Scientific Program

Conference Series Ltd invites all the participants across the globe to attend 13th World Congress on Infection Prevention and Control Rome, Italy.

Day 2 :

Keynote Forum

Waleed A. Mazi

Regional Directorate for Infection Prevention and Control
Directorate of Health Affairs, Taif
Kingdom of Saudi Arabia

Keynote: Application of high resolution melting to methicillin resistant Staphlococcus aureus and Shigella sonnei genotyping for epidemiological purposes

Time : 10:00AM- 10:40 AM

OMICS International Infection Prevention 2017 International Conference Keynote Speaker Waleed A. Mazi photo
Biography:

Waleed A. Mazi is a Regional Director for Infection Prevention and Control, Taif – Saudi Arabia, and also worked in Philosophy of Medical Science, Clinical Microbiology in Sweden. He also Became Infection Prevention and Control Director, King Abdul Aziz Specialist Hospital – Taif, Saudi Arabia, and published many International articles on prevention of central line –associated bloodstream infection, WHO- Hand Hygiene implementation program, prevention sharp injuries in healthcare settings and molecular genotyping for epidemiological purposes and also participated in the Poster and oral presentations in many international conferences

Abstract:

Introduction:

High resolution melting (HRM) analysis has been used in laboratory medicine as acurate, rapid and cost effective scheme method. Methicillin resistant Staphylococcus aureus (MRSA) infections impose huge risk to public health in healthcare and community settings worldwide. Shigella sonnei has been predominantly responsible for dysentary worldwide. The organism has only one serotype and is genetically homogeneous.

        We evaluated MRSA spa typing and introduced new tools for Shigella sonneil genotyping using HRM analysis for epidemiological purposes.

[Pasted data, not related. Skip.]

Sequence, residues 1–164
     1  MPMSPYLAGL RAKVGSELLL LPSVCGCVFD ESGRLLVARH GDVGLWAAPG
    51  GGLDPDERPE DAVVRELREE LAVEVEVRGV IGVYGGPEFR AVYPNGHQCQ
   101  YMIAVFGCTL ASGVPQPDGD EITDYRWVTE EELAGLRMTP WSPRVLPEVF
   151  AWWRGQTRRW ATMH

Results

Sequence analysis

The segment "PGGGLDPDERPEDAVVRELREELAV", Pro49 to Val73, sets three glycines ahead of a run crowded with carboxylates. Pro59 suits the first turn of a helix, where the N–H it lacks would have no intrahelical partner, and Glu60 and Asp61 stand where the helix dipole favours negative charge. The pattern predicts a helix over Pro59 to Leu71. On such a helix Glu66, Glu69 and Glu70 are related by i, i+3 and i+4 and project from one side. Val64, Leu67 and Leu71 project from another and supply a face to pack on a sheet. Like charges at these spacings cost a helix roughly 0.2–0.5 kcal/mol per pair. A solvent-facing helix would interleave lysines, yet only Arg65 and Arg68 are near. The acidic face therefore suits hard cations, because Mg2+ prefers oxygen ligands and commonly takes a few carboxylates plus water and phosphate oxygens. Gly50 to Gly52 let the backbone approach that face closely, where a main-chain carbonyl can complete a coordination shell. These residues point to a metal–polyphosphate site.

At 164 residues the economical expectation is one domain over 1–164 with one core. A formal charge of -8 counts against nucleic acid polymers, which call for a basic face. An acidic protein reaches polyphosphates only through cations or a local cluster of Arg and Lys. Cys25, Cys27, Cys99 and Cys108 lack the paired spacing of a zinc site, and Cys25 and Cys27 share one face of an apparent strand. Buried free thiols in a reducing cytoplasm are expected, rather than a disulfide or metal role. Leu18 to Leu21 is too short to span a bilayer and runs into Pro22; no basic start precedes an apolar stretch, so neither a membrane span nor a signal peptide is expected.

Methods:

Fifty clinical MRSA isolates were selected randomly from Scotland, Brazil, Sudan and Saudi Arabia. Methicillin-resistant phenotype was determined in accordance with BSAC standards using the Vitek 2system. Ten Shigella sonnei DNA samples were provided by Institut Pasteur, France. Primers for the polymorphic X region of the spa gene and the six single nucleotide polymorphisms (SNPs) within kduD, deoA, emrA, fdX and menF were amplified by colony PCR using the SensiMix HRM kit, and the melting temperature (Tm) and melting curves of the amplicons were analyzed in close tubes using a Rotor-Gene 6000 instrument.


Results

Fifteen spa types detected each had a distinct melting temperature (Tm) that unambiguously assigned 44 isolates. Both t008 and t2770, as well as t311 and t021 spa types, shared the same Tm .

         The first set run separated lineages I, II and III with distinctive melting curves and the Tm of each allele was at least a half degree away from that of other alleles. The second set run distinguished the sublineages IIIa, IIIb and IIIc with distinctive melting curves.

Conclusion:

HRM analysis is acurate, rapid and cost effective scheme method for identification of MRSA and Shigella sonnie for  epidemiological purposes